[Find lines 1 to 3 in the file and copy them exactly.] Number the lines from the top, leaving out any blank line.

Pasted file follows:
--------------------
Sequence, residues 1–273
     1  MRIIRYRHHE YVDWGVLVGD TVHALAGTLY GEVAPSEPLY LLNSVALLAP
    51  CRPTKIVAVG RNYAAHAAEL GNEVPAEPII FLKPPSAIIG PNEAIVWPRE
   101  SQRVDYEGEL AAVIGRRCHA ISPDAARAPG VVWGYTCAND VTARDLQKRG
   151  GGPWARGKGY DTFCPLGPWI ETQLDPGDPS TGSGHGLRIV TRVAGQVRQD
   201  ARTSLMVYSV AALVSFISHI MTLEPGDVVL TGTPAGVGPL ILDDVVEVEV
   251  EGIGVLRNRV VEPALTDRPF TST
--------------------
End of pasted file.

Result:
Sequence, residues 1–273
     1  MRIIRYRHHE YVDWGVLVGD TVHALAGTLY GEVAPSEPLY LLNSVALLAP
    51  CRPTKIVAVG RNYAAHAAEL GNEVPAEPII FLKPPSAIIG PNEAIVWPRE